Me at the moment. Let’s hope I make it out alive.
Sherlock Holmes and the Secret of the Silver Earring is the second traditional game in the series, and it is a step too far in the right direction.
After the Myst-style puzzles in Mystery of the Mummy that felt out of place in the realm of England’s greatest detective, Silver Earring introduces dialogue. It’s crazy after all the adventure and mystery games I’ve played in the last few months alone that this is a landmark event, but after Holmes’ isolation in a mansion in the last game, I was excited. I wasn’t the only one:
Though this installment is clearly the basis for the newer games’ format, they did go overboard on their first attempt.
But let me start with a couple of positive because regardless of any problems, I enjoyed this one. The investigation and exploration parts of Silver Earring were so much more clear and defined than Mystery of the Mummy. As long as you pay attention to your surroundings, it’s easier to make your way through each day. The only times I absolutely had to resort to a walkthrough was occasionally while collecting evidence. Though the UI is clearer and inventory easier to access than the previous title–you had to go to a separate screen to view any evidence–the game still suffers from hiding important evidence in plain sight. But other than making up for my lackluster observation skills and poor eyesight, the puzzles are more intuitive. The gameplay is also varied, my favorite parts consisting of a maze through a forest and a stealth section at a fairground. Basically the game striking a proper balance between exploration and linearity, helping erase the previous game’s problem of getting lost or stuck.
Also, Sherlock Holmes measures every footprint he comes across with the care and precision of a person with a foot fetish who has gotten desperate.
Silver Earring’s main issue happens at the end of each day. Over the course of five days, your in-game notebook quickly fills with every innocuous conversation, scrap piece of paper, and questionable evidence, regardless of its use or relevance. Then in what is clearly the groundwork for the later games’ deduction system, you answer a series of questions and provide justifying evidence from your at-capacity notebook. It feels like a multiple choice test where none of the answers ever quite fit. After you track down a related conversation or document, that doesn’t necessarily mean it’s the right right one. Sherlock Holmes is a strict master; you can only use his specific reasoning.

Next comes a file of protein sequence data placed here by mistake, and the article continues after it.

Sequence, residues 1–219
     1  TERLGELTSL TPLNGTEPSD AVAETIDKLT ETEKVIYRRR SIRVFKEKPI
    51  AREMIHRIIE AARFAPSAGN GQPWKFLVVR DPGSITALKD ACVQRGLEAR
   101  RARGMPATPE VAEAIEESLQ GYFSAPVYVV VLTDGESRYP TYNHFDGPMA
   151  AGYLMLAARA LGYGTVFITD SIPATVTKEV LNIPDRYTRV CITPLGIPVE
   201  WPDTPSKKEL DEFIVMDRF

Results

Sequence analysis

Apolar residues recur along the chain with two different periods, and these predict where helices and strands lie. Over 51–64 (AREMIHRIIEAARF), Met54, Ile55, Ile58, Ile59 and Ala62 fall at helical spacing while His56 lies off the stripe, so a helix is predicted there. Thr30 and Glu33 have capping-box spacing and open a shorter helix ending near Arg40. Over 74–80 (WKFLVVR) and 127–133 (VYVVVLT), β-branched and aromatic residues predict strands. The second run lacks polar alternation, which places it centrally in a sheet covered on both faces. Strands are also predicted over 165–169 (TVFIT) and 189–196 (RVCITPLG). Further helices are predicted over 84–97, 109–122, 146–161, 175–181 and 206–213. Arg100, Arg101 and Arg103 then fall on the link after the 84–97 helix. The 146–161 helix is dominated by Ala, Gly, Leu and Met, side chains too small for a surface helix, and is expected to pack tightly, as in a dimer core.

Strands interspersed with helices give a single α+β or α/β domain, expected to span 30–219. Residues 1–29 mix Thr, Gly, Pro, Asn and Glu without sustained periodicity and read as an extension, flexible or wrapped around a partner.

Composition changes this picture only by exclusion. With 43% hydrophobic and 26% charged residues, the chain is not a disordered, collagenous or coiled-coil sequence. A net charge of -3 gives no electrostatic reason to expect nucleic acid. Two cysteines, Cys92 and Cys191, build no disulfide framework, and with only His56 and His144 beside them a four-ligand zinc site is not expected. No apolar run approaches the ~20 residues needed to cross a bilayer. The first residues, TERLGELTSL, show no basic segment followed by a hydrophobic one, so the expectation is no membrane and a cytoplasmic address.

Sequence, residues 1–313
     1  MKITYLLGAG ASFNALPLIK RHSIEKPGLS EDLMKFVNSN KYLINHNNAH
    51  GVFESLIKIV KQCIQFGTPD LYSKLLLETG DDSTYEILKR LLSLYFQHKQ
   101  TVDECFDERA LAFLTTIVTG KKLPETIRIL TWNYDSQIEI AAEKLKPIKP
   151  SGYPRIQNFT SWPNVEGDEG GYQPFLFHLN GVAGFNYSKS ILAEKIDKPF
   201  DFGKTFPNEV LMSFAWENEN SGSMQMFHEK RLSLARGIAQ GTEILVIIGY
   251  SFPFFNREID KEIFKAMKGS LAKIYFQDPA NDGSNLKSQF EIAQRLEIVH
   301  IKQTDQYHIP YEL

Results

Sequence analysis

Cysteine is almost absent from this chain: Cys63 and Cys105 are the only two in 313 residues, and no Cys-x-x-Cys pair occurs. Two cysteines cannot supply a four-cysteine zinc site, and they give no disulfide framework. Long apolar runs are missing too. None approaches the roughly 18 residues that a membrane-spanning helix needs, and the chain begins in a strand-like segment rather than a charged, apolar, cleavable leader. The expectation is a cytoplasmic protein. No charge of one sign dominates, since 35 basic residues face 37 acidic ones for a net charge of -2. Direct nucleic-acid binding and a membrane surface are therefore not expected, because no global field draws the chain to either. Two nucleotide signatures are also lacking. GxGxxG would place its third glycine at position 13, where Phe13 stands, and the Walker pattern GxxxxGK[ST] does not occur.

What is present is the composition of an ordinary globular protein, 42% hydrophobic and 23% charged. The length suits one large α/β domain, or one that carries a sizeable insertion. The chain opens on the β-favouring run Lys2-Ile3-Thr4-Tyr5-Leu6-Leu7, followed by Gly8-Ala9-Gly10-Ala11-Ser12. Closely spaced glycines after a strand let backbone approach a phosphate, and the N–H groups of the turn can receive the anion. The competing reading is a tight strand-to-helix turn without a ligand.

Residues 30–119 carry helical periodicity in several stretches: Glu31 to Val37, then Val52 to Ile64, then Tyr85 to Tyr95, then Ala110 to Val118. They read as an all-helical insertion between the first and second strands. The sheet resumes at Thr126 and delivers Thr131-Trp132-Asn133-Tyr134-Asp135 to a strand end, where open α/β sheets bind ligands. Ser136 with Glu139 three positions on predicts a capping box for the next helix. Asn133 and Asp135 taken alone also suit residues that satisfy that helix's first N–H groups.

Now despite the game’s strengths and weaknesses overall, the first night starts with enough talking to make a misanthrope like me want to cement my ears shut. Holmes walks up to every party guest and asks if he can talk to them. Just once I want someone to tell him, “No, absolutely not.” Clearly the developers realized Sherlock’s last adventure lacked charm and felt claustrophobic, so they threw in as many characters with which to interact as possible. I know the murder that kicks the game off did happen during a party, but they could have found a way around making the player collect mass amounts of useless information. Maybe some of the invitees ran through the closest exits before the help sealed them off. The aimless conversations clutter your notebook, making the test at the end of each day all the more impossible.
In case it hasn’t become clear over the last few months, I can’t keep a consistent opinion on how realistic I want an adventure game to be, and I think I have figured out why. With Silver Earring, I appreciate the realism of the first night but still wanted more practicality from it. If a previous or later game mechanic lacks a logical basis in reality–i.e. always finishing my ransack of a room just before its owner comes back–it’s hard to welcome any other attempts at doing so.
Now we have three more Sherlock Holmes games to go:
You don’t want to miss any of it. Don’t be me looking for footprints that are the same color as the hardwood floors. But never fear! Sherlock Holmes will always find the foot, er, I mean killer.